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Designing Embedded Hardware by John Catsoulis

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Memory is used to hold data and software for the processor. There is a variety of memory types, and often a mix is used within a single system. Some memory will retain its contents while there is no power, yet will be slow to access. Other memory devices will be high capacity, yet will require additional support circuitry and will be slower to access. Still other memory devices will trade capacity for speed, giving relatively small devices, yet are capable of keeping up with the fastest of processors.

Memory can be organized in two ways, either word-organized or bit-organized. In the word-organized scheme, complete nybbles, bytes, or words are stored within a single component, whereas with bit-organized memory, each bit of a byte or word is allocated to a separate component (Figure 1-10).

Eight bit-organized 8 x 1 devices and one word-organized 1 x 8 device

Figure 1-10. Eight bit-organized 8 x 1 devices and one word-organized 1 x 8 device

Memory chips come in different sizes, with the width specified as part of the size description. For instance, a DRAM (dynamic RAM) chip might be described as being 4M x 1 (bit-organized), whereas a SRAM (static RAM) may be 512k x 8 (word-organized). In both cases, each chip has exactly the same storage capacity, but they are organized in different ways. In the DRAM case, it would take eight chips to complete a memory block for an 8-bit data bus, whereas the SRAM requires only one chip.

However, because the DRAMs are organized in parallel, they are accessed simultaneously. The final size of the DRAM block is (4M x 1) x 8 devices, which is 32M. It is common practice for multiple DRAMs to be placed on a memory module. This is the common way that DRAMs are installed in standard computers.

The common widths for memory chips are x1, x4, and x8, although x16 devices are available.


RAM stands for Random Access Memory. This is a bit of a misnomer, since most (all) computer memory may be considered “random access.” RAM is the “working memory” in the computer system. It is where the processor may easily write data for temporary storage. RAM is generally volatile , losing its contents when the system loses power. Any information stored in RAM that must be retained must be written to some form of permanent storage before the system powers down. There are special nonvolatile RAMs that integrate a battery-backup system, so that the RAM remains powered even when its computer system has shut down.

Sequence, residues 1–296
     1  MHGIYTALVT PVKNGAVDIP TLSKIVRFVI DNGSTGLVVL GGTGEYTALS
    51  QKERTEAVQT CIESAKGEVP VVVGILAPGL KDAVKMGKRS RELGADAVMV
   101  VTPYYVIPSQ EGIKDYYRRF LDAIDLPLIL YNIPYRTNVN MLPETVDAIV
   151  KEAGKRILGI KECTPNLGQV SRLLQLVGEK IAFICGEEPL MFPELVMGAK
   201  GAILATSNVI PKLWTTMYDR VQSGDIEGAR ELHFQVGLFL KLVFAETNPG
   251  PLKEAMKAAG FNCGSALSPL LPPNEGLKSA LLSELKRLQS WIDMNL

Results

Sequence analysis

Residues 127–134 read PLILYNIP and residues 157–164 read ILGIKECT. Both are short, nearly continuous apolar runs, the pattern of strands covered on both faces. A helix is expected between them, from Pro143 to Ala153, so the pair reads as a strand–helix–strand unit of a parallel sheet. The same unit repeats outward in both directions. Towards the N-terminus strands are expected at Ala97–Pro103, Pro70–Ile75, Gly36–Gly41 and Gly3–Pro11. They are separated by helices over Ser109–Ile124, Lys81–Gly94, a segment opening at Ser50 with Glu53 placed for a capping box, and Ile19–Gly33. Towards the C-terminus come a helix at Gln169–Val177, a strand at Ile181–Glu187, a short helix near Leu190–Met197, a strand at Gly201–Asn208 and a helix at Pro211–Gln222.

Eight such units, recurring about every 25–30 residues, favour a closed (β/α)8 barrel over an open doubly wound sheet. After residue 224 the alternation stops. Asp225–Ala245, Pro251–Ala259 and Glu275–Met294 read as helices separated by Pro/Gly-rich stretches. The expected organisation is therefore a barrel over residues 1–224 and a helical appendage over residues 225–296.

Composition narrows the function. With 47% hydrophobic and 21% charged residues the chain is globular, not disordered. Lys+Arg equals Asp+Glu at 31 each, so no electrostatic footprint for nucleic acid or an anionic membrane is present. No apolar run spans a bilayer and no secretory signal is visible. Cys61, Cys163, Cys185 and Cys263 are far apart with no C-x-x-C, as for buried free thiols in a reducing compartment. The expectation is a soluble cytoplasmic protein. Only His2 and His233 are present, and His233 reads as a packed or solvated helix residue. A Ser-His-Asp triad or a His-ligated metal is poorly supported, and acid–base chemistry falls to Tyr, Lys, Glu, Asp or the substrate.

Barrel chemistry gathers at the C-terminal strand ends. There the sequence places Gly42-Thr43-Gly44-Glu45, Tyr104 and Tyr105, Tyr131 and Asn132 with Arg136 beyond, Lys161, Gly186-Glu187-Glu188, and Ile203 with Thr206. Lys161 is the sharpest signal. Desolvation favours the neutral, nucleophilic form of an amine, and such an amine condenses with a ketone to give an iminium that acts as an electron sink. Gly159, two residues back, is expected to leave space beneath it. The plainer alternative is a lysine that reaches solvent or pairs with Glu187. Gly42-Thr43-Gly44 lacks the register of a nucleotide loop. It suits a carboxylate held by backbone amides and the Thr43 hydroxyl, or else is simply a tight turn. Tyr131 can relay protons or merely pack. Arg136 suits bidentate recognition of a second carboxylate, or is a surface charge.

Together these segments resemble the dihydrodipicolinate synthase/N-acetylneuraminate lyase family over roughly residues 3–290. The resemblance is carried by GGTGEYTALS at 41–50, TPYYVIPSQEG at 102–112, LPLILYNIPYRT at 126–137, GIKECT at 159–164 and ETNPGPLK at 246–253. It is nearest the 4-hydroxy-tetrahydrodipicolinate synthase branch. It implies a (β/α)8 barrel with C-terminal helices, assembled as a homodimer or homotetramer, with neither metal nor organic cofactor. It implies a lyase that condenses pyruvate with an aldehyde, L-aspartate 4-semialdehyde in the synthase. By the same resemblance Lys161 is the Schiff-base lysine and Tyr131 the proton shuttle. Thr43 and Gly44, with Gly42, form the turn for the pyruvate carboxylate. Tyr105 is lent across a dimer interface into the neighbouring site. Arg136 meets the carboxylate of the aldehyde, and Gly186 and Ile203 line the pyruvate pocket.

RAMs generally fall into two categories—static RAM (also known as SRAM) and dynamic RAM (also known as DRAM).

Static RAMs use pairs of logic gates to hold each bit of data. Static RAMs are the fastest form of RAM available, require little external support circuitry, and have relatively low power consumption. Their drawbacks are that their capacity is considerably less than dynamic RAM, yet they are much more expensive. Their relatively low capacity requires more chips to be used to implement the same size memory. A modern PC built using nothing but static RAM would be a considerably bigger machine and would cost a small fortune to produce. (It would be very fast, however.)

Dynamic RAM uses arrays of what are essentially capacitors to hold individual bits of data. The capacitor arrays will hold their charge only for a short period of time before it begins to diminish. Therefore, dynamic RAMs need continuous refreshing, every few milliseconds or so. This perpetual need for refreshing requires additional support and also can delay processor access to the memory. If a processor access conflicts with the need to refresh the array, the refresh cycle must take precedence.

Dynamic RAMs are the highest capacity memory devices available and come in a wide and diverse variety of subspecies. Interfacing DRAMs to small microcontrollers is generally not possible, and certainly not practical. Most processors with large address spaces include support for DRAMs. Connecting DRAMs to such processors is simply a case of connecting the dots (or pins, as the case may be). For processors that do not include DRAM support, special DRAM controller chips are available that make interfacing the DRAMs very simple indeed.

Many processors have instruction and/or data caches , which store recent memory accesses. These caches are often internal to the processors and are implemented with fast memory cells and high-speed data paths. Instruction execution normally runs out of the instruction cache, providing for fast execution. The processor is capable of rapidly reloading the caches from main memory should a cache miss occur. Some processors have logic that is able to anticipate a cache miss and begin the cache reload prior to the cache miss occurring. Caches are implemented using fast SRAM and are most often used to compensate for the slowness of the main DRAM array in large systems.